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TODAY'S OTHER NEWS

Up and Up: Asking rents in much of UK hit record highs

Asking rents outside London have hit a new high according to Rightmove’s latest market snapshot.

The pressure comes from record demand from tenants, and by strong price growth in the south western and northern regions in particular. 

Asking rents are up four per cent in the South West and up three per cent or more in the three regions of the North East, North West, and Yorkshire and the Humber. 

The only move in the opposite direction remains London, where asking rents are now three per cent lower than this time a year ago; in inner London the position is much worse, with asking rents 6.8 per cent down.

Rightmove’s analysis shows that in September 2019 the most in demand property type was a studio flat, followed by a two bedroom house. 

However, with the pandemic front and foremost, this September not only have two bedroom houses overtaken studio flats as the most in demand, studio flats have fallen seven places, behind bungalows and houses as renters look for spare rooms to set up spaces to work from home.

Prospective tenants will find 20 per cent more properties in total listed than in September last year nationally, but available stock is only up by two per cent so they will still find strong competition, especially for houses. 

It is a different story in the capital, where available stock is up by 80 per cent on last September.

Asking rents have been falling since the beginning of lockdown in London, and are now an average of £110 per month lower than back on March 23. 

“Landlords with a large portfolio of studio flats may find they need to accept lower rents than over the past few years” cautions Rightmove’s commercial director and housing market analyst Miles Shipside.

He continues: “Although let’s not forget that overall rents have gone up by £100 per month outside London and £140 in the capital over the past five years so those with a longer term view will still be able to make some good returns.”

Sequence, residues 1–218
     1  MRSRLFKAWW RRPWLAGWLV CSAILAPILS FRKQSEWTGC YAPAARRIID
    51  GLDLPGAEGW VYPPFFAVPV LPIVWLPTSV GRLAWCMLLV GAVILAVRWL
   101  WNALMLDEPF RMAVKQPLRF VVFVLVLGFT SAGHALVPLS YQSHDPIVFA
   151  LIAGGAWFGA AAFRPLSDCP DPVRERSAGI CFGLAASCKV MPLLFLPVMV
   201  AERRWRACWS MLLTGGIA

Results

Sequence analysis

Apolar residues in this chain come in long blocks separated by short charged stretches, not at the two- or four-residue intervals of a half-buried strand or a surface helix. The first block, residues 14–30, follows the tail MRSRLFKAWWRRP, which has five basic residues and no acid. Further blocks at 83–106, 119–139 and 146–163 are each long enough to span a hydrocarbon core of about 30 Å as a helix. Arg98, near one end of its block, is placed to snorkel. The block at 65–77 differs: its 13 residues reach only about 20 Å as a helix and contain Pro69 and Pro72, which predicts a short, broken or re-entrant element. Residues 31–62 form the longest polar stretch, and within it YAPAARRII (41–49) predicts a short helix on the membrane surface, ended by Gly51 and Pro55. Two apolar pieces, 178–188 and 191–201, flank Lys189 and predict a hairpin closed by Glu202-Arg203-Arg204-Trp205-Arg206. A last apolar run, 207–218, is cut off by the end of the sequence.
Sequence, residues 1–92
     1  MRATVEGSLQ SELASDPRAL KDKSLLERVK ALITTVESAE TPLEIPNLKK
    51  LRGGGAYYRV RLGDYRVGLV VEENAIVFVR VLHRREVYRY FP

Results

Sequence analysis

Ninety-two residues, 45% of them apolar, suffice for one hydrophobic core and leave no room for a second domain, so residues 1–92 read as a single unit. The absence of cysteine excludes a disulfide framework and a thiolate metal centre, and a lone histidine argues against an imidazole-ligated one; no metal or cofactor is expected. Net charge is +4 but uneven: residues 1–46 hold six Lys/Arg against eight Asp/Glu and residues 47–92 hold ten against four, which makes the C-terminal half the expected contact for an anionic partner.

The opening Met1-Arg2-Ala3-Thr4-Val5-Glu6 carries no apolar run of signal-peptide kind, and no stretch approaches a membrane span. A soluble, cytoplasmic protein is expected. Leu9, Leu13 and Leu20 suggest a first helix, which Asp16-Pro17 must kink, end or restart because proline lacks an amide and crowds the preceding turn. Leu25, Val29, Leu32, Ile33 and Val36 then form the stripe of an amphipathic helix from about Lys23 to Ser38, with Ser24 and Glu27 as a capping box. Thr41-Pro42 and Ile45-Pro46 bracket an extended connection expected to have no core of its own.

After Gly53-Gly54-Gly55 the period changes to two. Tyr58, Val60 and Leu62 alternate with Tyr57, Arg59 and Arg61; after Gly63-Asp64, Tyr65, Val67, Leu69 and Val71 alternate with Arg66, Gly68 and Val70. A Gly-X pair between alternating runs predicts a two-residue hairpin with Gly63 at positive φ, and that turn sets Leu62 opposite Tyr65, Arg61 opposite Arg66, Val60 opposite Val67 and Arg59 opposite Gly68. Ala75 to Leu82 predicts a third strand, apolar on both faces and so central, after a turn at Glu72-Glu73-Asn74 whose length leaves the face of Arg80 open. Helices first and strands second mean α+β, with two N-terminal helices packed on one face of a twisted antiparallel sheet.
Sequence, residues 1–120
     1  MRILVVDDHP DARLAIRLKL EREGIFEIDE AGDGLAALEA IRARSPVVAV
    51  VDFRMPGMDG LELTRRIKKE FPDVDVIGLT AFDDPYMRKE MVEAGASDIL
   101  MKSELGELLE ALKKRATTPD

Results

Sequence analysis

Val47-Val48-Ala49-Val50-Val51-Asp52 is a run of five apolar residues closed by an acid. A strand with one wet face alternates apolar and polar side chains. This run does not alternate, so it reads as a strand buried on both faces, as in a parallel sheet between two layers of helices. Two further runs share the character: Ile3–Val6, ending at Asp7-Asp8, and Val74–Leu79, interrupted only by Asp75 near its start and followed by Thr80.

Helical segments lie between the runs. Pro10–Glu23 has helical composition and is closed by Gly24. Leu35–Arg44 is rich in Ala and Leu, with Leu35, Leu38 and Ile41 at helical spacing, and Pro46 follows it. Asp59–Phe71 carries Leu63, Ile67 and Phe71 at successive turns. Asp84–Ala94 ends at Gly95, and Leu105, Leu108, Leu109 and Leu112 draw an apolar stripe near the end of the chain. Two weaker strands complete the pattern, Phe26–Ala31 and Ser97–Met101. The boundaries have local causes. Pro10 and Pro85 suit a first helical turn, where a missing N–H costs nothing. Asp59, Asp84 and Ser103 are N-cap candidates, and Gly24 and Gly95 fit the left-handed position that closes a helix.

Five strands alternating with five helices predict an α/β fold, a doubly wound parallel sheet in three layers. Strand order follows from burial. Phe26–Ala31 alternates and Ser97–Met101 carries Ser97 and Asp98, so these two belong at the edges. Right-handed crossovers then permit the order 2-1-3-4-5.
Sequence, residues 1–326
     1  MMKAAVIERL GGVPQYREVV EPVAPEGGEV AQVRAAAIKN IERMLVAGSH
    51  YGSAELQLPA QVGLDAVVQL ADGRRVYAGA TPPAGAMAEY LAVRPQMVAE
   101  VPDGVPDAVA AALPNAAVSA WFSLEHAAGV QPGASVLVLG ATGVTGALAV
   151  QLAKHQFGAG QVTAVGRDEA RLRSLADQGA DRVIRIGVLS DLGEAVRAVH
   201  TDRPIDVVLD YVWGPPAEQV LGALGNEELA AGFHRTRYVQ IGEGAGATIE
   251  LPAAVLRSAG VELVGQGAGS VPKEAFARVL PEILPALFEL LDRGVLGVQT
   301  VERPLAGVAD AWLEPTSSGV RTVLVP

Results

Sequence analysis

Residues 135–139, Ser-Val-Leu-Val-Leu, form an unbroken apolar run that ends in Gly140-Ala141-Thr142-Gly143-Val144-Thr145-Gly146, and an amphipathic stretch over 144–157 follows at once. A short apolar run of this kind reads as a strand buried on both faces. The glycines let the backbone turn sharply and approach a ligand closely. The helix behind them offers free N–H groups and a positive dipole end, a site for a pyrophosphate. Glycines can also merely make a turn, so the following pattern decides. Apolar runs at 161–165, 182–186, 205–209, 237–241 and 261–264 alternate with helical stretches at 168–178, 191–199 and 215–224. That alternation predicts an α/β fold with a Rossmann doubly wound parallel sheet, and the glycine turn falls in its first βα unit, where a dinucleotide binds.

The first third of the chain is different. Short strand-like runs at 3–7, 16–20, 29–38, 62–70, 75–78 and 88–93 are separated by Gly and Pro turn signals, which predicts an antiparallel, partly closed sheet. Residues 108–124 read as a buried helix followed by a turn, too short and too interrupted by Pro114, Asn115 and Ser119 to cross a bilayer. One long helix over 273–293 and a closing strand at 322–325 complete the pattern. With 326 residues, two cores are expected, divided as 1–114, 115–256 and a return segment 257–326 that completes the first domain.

• Roger  Mellie

    3% down in London? Try 20% down in the epicentre of the City, Canary Wharf and surrounding areas. Good to see other areas on the rise though.

  • Matthew Payne

    This rebalancing is to be expected now there is no requirement to commute into the office every day and won't be ever again for millions of people. Anecdotally most businesses seem to be planning their arrangements over the next rolling 5 year plan based on a flexi hybrid model. No expensive permanent office space, and therefore no 5 day a week commute. Instead firms will be investing in serviced office space both in central london but also in the shires where meeting rooms and hotdesking can be booked on demand or on short 2 year leases facilitating the face to face element required to run their business. Peoples homes will become their main office, with then sporadic meetings with clients and colleagues in these new locations. Even over recent weeks with everyone able to go to work if they wanted to, I haven't counted more than 8 occupied spaces out of 200 at the station car park. Normally 200 have gone before the 7.03 leaves with another 50 lining neighbouring streets. The shift in business attitude has been seismic, this is not just a lockdown piece.

  • Paul Barrett

    A big problem will be H & S assessments at homes.

    Without a spare room that can be an office workers may be barred from WFH.

    The problem is that there simply aren't enough 3/4 bed houses.

    Perhaps space in a garden for a shoffice.

    LL will beed to up their offer to attract WFH workers who will ve able to pay more rent as they are saving about £7000 per year on costs of commuting.

    LL can have some of that!

    The imperatives are obvious.

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